So, now the million dollar question- how come sudden change in the perception today, after 25 years of Kishore's death?? Why suddenly reams and reams of papers are spent glorifying how Satyajit Ray used to admire Kishore or Hemanta had given some of his best compositions to Kishore or how his Rabindrasangeets are so unique even today?? The chief minister declaring that Kishore Kumar songs should be played during the traffic signals on the roads of Kolkata was a bit too much to digest for those who had always been fed with Akhil Bondhu Ghosh and Jaganmay Mitra.

Is Bengal desparately looking for a National Hero today? With music being one of their proudest domains, what Bengal can claim today at the National level is Pritam Chakraborty and Shantanu Moitra. Uttam Kumar might have been the superstar of Bengal, but 99% Indians outside Bengal yawn at this name, vaguely recalling Amanush and Chhoti Si Mulaqat.

And Kishore Kumar and Rahul Dev Burman have become youth icons! A gradual study and evolution in music have delved up a strange fact that these two together, had created music which was much much ahead of their times. So, the forgotten gems are revisited, unnoticed numbers that time are awed at and the intellectuals relook at their stances that time. Yes, perhaps, Kishore Kumar was a genius. He was a singing superstar when he died, and a comprehensive artist 25 years after his death.


  1. Arghya, good start. Do come on fb / gtalk, shall talk on this.

    Anirudha da

    1. Nice dissection. For one singing Tagore in the 80's by someone from HFM was a taboo then as Biswabharati laid down arcane guidelines - remember George Biswas and how he was termed outcast?. That apart the timing was both good and bad - Good in the sense that the generation [like me] that grew up on HFM in the 70's and mid to late 60's identified with his voice and the Bad being the absence of good composers except RD none gave music to him in the 89's that deserve his voice and singing talent. As for now Bengal is repenting and the honorable CM had to struck a chord with many [as she should being a politician] - so she finds KK and RD [as it was on June 27th 2012] to be perfect vehicles to bridge that small gap she might still have with the Bengal public that did not vote for TMC. Al imho here by the way.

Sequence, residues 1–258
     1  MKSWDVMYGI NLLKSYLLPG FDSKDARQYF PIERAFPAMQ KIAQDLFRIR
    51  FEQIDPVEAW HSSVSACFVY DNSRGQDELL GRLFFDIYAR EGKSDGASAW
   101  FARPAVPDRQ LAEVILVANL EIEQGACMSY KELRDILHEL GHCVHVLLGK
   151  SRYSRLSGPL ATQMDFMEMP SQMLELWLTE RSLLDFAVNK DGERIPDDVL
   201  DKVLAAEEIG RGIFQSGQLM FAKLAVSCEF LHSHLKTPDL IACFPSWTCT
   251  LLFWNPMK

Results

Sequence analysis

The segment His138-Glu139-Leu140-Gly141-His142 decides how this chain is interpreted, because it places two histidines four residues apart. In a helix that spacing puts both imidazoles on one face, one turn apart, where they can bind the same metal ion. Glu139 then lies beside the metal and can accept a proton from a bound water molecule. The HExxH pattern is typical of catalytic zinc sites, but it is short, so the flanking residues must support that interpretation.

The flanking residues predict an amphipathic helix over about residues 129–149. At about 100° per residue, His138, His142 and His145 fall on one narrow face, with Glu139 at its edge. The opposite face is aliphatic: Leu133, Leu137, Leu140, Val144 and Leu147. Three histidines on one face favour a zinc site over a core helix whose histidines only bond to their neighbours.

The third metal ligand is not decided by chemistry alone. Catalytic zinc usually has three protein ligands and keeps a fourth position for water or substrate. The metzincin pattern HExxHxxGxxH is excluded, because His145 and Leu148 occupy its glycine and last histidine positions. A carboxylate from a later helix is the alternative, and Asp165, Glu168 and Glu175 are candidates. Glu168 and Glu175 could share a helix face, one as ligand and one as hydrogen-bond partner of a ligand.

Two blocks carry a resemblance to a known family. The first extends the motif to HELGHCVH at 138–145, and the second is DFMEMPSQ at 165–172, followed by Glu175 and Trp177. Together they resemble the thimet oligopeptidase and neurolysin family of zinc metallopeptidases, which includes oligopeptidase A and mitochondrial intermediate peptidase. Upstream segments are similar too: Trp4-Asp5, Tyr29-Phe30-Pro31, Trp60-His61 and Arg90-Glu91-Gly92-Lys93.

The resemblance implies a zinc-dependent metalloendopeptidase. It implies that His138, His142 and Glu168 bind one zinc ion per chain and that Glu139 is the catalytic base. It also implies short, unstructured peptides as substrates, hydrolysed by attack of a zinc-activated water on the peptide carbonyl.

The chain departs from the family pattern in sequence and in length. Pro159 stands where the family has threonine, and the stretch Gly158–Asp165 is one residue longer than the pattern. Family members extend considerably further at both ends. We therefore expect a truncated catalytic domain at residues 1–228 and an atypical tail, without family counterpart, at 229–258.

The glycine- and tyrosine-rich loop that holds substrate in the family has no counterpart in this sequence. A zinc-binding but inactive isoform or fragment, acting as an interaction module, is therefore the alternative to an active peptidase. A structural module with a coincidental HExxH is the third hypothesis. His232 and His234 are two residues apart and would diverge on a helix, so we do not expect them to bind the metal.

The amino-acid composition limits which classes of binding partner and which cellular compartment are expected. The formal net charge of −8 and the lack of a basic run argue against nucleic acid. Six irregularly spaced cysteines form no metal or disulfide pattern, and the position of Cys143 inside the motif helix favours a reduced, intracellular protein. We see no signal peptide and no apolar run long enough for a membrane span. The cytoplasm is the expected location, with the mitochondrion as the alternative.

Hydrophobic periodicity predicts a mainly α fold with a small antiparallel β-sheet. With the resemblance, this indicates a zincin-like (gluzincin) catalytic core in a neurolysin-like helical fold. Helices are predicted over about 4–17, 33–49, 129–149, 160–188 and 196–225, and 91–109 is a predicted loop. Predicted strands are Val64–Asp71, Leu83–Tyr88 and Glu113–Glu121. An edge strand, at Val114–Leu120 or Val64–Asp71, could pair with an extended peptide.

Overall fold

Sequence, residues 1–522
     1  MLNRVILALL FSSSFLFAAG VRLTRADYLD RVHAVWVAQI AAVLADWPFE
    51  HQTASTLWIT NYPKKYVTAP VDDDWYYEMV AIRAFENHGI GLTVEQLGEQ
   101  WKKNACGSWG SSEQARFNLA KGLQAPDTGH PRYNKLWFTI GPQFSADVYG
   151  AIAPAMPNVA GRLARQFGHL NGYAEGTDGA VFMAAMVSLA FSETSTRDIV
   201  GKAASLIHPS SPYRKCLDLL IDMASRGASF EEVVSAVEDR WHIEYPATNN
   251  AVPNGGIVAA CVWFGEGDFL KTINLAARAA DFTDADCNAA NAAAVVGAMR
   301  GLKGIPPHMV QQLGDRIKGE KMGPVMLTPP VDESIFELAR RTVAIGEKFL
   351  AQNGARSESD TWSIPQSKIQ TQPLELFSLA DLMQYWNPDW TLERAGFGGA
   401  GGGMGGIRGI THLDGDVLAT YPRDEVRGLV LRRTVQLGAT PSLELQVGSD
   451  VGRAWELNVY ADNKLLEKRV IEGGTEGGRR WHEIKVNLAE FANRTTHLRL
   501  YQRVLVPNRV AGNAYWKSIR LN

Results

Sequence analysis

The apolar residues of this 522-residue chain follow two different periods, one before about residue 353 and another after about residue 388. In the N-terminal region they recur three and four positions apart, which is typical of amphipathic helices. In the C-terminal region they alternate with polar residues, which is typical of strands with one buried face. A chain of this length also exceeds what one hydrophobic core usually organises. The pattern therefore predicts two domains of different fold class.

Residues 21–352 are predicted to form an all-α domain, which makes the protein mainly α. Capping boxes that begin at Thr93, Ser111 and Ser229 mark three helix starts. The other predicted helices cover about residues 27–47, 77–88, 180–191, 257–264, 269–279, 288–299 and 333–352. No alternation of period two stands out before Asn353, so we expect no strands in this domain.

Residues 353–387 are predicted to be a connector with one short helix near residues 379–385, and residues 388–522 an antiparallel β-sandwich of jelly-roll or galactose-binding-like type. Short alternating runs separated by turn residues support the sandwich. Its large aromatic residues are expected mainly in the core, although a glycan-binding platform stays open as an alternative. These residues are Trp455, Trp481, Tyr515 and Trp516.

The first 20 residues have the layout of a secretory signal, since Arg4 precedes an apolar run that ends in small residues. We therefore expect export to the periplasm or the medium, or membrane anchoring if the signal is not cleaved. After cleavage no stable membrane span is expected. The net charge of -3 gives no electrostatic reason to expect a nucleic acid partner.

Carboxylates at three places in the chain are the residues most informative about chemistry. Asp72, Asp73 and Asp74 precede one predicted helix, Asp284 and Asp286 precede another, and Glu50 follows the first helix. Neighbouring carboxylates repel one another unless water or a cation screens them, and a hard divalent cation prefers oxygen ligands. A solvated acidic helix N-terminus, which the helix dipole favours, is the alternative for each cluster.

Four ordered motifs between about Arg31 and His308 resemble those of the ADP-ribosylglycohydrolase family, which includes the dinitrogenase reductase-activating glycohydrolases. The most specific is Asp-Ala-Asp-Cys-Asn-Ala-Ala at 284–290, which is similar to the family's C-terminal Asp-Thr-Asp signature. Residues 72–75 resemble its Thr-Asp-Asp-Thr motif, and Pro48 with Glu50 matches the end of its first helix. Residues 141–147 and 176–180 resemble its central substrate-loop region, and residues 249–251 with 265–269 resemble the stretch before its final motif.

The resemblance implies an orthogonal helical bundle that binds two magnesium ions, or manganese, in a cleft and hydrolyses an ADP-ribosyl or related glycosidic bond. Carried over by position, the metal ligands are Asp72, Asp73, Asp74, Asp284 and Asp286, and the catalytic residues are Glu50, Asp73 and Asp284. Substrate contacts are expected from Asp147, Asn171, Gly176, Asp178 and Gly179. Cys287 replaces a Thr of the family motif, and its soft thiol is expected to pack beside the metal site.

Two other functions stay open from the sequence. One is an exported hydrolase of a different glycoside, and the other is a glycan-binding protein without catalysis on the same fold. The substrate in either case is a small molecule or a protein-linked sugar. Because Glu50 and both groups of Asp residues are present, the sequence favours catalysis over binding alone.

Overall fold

2. Arup, true. Politicians should not be taken seriously, when it comes to their interference into arts and sports. Not only Bengal CM, every politician falls under this. They do everything with purpose. But at least, now, KK solves some purpose for them :) And that is quite interesting. Best regards, thanks and keep visiting! :)

  2. Nice article Arghya, keep writing,

    Rahul Nahire

  3. just awesome....and a gr8 start...

  4. Arghya, Knowing you I expected your blog to be very informative. After reading it I find, besides informative, it is well written. Congratulations. Keep on writing.
    Moti Lalwani

  5. Thanks so much!!!!:)

  6. I have a small objection in one line...Kishore Kumar was not "perhaps a genius".......he was a genius, we realized later, that is our limitation...rest of the writing was good, fact-based and crisp :) :)

    1. Absolutely, KK was a genius and it was our problem that we could not realize this fact in his lifetime. My statement was only from a literary perspective of disagreeing to agree.

  7. I personally think Kishoreda was a much greater artist to have been bound by a state. This is just a political stunt..

  8. I verry miss u.........